Johnny Wright is better know as part of the duo Johnny & Jack (with Jack Anglin), but after Anglin’s death in 1963, Wright embarked on a successful solo career which saw the release of at least six albums on MCA/Decca plus twelve chart singles including the #1 “Hello Vietnam” , the first chart topper for a Tom T. Hall song. Johnny’s wife was Kitty Wells, and while he never reached her level of success as a solo artist, apparently it never bothered Wright as he and Kitty were married from 1937 until his death in 2011 at the age of 97. A good single disc collection would suffice here.

The bulk of Little Jimmy Dickens’ career occurred for another label, but his time on MCA/Decca saw the release of two albums of new material plus an album featuring remakes of his earlier hits. The Decca albums featured a staple of Jimmy’s live shows “I Love Lucy Brown” and an amusing novelty “How To Catch An African Skeeter Alive”. I think most of this would fit on a single CD.

Wilma Burgess was an excellent singer who came along about four decades too soon. While Wilma did not flaunt being lesbian, neither did she particularly hide it. Consequently, she never got much of a commercial push from her label. Many have recorded “Misty Blue” but none did it as well as Wilma Burgess. She recorded at least five albums for MCA/Decca plus some duets with Bud Logan, former band leader for Jim Reeves. A decent two disc set of this outstanding singer should be easy to compile.

I would like to see a collection on Loretta Lynn’s siblings, Peggy Sue and Jay Lee Webb. Since Loretta’s other well known sibling started on MCA/Decca as well, it should be possible to do a good two CD set of Loretta’s kinfolks. Jay Lee Webb’s “She’s Looking Better By The Minute” is an all-time honky-tonk classic.

Classic Rewind: T Graham Brown – ‘I Wish That I Could Hurt That Way Again’

Album Review: Jo Dee Messina – ‘Me’

meJo Dee’s latest album, released last year on her own label after she was released from her longstanding contract with Curb Records, was crowdfunded thanks to a Kickstarter campaign by her fans. It is broadly in keeping with Jo Dee’s work on Curb, contemporary pop-country which sounds positively understated compared to some of the current fare, but lacking even token nods to more traditional country instrumentation.

The lead single ‘Peace Sign’ is an assertive response to a breakup, with the protagonist cheerfully calling herself “dumb” for falling for the kind of man who dumps her by e-mail. While not the subtlest of songs, it should appeal to Jo Dee’s fans. It is one of two songs co-written by Jo Dee’s former Curb labelmate Amy Dalley, the other being ‘Breakin’ It Down’, another well-written (though unfortunately over-produced and sung) breakup song with an upbeat edge, although this time she is the one breaking away.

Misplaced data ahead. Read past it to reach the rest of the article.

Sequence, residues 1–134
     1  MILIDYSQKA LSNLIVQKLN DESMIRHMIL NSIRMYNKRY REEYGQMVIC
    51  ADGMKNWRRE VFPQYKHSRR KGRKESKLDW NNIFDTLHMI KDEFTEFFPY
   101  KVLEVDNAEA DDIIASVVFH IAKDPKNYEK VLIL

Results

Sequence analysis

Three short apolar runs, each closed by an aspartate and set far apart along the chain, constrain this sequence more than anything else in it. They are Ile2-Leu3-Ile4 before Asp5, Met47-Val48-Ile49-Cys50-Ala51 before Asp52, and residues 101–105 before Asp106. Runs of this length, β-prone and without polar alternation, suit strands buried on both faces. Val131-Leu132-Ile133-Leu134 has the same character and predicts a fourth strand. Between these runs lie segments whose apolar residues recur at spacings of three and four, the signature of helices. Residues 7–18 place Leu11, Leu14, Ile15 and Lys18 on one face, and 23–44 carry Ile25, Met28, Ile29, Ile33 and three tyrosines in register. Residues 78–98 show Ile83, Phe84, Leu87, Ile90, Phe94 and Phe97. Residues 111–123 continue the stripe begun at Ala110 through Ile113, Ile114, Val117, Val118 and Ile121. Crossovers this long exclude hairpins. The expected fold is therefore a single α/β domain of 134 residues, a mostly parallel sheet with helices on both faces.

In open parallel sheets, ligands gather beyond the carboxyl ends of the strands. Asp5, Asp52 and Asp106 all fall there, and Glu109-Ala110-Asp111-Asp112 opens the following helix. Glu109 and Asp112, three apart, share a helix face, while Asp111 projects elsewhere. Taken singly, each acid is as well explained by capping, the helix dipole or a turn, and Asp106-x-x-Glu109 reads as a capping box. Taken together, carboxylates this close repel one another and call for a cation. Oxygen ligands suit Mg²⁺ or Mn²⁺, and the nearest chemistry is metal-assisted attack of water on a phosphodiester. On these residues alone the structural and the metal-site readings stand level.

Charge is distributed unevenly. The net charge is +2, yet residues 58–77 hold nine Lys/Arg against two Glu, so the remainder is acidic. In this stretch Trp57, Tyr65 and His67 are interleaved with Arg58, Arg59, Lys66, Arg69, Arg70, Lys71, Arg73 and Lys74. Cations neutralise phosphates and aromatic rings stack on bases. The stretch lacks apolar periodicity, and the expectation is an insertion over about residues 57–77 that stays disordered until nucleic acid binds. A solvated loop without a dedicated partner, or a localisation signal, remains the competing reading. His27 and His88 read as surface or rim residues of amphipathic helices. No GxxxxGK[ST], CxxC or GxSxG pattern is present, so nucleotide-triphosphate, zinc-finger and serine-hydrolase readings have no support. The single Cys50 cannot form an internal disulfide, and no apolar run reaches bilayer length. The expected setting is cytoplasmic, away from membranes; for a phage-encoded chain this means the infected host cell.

The assertive second single, ‘A Woman’s Rant’, is a self-penned plaint about the specific difficulty of modern life for women trying to juggle motherhood and career while getting paid less than male counterparts:

There’s so many things I can’t begin to understand
The differences that are between a woman and a man
You see, women they do twice the work and get half the pay
Men they climb the ladder while the women pave the way
They say that we’re the weaker sex
I’d have to disagree
I’d walk a mile in his shoes if he’d walk a half a mile in these

This is one of the best songs on the album, and it may be excessively self-deprecating to call it a rant, although it’s certainly unapologetically feminist.

In contrast, Jo Dee also wrote ‘Say Goodbye To Superman’, my favorite track on the album. This tearjerker is about a woman trying to explain to her young son why his idolised daddy isn’t coming home any more. It begins gently sad, building into a big ballad.

Jo Dee wrote two songs here with Alyssa Bonagura, daughter of Kathie Baillie and Michael Bonagura of 80s group Baillie & The Boys. The defiant country-rock opener ‘Not Dead Yet’ is about being a survivor, possibly addressed to her former label as she declares,